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Gardai raid home of computer whizzkid (15) suspected of hacking





A Dublin computer whizzkid aged just 15 is suspected of hacking into a UK business, accessing confidential data and demanding and receiving a "ransom" paid in bitcoins - the cryptocurrency.

The audacious digital ­"kidnap" of information by the teenager for a sum thought to be just hundreds of euro led to a major investigation by computer crime specialists on both sides of the Irish Sea last month.

The teenager was tracked down to his bedroom in a suburban house by detectives from the garda's Computer Crime Investigation Unit last month, according to sources.

Armed with a search warrant, detectives raided the house and seized the teenager's computers - much to the shock of his unsuspecting family.

The teenager is expected to be dealt with through the juvenile liaison scheme.

The attack was a classic "distributed denial of service" or DDOS attack.

Garda declined to comment on the raid. It is believed they were alerted after the UK firm contacted police.

Although few cases of ­suspected cyber crime involving teenagers have been investigated here, hacking activity by young computer buffs is thought to be far more widespread.

Parents are being warned about the rise of teenage hacking. Superintendent Alf Martin, who leads the Computer Crime Investigation Unit, declined to comment on the specific investigation.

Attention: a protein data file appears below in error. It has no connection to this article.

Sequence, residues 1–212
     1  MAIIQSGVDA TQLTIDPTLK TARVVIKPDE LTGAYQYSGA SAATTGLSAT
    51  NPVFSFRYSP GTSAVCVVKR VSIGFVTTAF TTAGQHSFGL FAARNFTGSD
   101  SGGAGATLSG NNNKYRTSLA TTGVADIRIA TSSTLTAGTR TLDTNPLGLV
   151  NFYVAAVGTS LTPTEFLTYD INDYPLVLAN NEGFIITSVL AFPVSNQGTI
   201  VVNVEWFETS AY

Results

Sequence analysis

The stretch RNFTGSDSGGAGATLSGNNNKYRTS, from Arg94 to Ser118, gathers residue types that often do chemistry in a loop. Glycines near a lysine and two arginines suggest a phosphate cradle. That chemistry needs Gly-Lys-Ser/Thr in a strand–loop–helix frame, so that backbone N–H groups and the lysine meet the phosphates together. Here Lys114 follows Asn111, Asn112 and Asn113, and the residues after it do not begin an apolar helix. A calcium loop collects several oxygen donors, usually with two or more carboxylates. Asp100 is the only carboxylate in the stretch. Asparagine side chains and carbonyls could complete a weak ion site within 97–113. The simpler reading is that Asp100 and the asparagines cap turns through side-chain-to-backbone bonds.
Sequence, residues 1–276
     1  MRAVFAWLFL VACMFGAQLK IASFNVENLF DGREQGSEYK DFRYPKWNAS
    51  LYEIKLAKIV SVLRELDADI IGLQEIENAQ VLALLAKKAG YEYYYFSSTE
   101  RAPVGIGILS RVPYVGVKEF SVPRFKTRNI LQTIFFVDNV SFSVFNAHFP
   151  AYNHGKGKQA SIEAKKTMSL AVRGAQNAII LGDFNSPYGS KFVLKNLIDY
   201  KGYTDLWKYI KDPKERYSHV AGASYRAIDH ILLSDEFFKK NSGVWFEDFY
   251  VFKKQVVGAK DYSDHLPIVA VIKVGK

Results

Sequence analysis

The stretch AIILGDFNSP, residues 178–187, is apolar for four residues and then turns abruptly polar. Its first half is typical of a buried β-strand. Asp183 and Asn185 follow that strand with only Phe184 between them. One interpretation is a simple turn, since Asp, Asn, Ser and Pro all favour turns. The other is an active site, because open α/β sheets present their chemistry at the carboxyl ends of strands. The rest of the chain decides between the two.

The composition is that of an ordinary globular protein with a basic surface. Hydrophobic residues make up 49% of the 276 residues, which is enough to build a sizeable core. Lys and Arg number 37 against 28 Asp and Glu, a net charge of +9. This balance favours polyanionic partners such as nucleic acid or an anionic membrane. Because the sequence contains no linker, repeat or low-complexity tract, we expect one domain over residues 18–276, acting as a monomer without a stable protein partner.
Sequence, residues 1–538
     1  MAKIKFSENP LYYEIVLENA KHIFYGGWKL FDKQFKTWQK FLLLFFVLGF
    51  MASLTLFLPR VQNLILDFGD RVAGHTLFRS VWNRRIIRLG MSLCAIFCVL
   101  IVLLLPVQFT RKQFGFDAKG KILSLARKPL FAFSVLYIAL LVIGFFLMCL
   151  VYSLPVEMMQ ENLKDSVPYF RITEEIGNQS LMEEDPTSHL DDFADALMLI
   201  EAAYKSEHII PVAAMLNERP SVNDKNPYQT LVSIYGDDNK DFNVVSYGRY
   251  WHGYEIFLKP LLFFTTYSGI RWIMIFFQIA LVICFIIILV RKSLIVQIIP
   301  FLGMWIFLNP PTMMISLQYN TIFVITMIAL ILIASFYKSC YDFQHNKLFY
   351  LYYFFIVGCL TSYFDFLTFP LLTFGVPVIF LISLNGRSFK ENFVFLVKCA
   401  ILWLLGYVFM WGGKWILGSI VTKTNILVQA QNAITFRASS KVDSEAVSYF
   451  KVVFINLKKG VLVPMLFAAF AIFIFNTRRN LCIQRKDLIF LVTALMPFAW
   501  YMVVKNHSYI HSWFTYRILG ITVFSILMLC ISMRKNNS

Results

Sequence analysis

However, he said it was important for parents to be aware of risks of teenagers straying into cyber crime.

"A lot of parents worry that teenagers are looking at inappropriate websites, but actually they are looking at ways of circumventing the defences that companies have built up. That's the real horror," he said. "It is about their standing and their status in that world.

"It consumes them. What they get up into that world, they would not do in their normal life. They think they are in a virtual world - and it is - until they start hacking, interfering with businesses," he added.

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"The internet is a fantastic tool to millions of people around the world but with that global appeal comes great responsibility. It behoves major corporations who own and profit from it to work to make it a more secure and safe environment," he said.

"Law enforcement agencies have to be assisted to detect and prevent crimes online."

Teenage hacking has become a serious problem for police worldwide, and a costly one for companies.

Some of the biggest cyber attacks in recent times - such as those on PlayStation, Xbox and Talk Talk - have been linked to teenagers.

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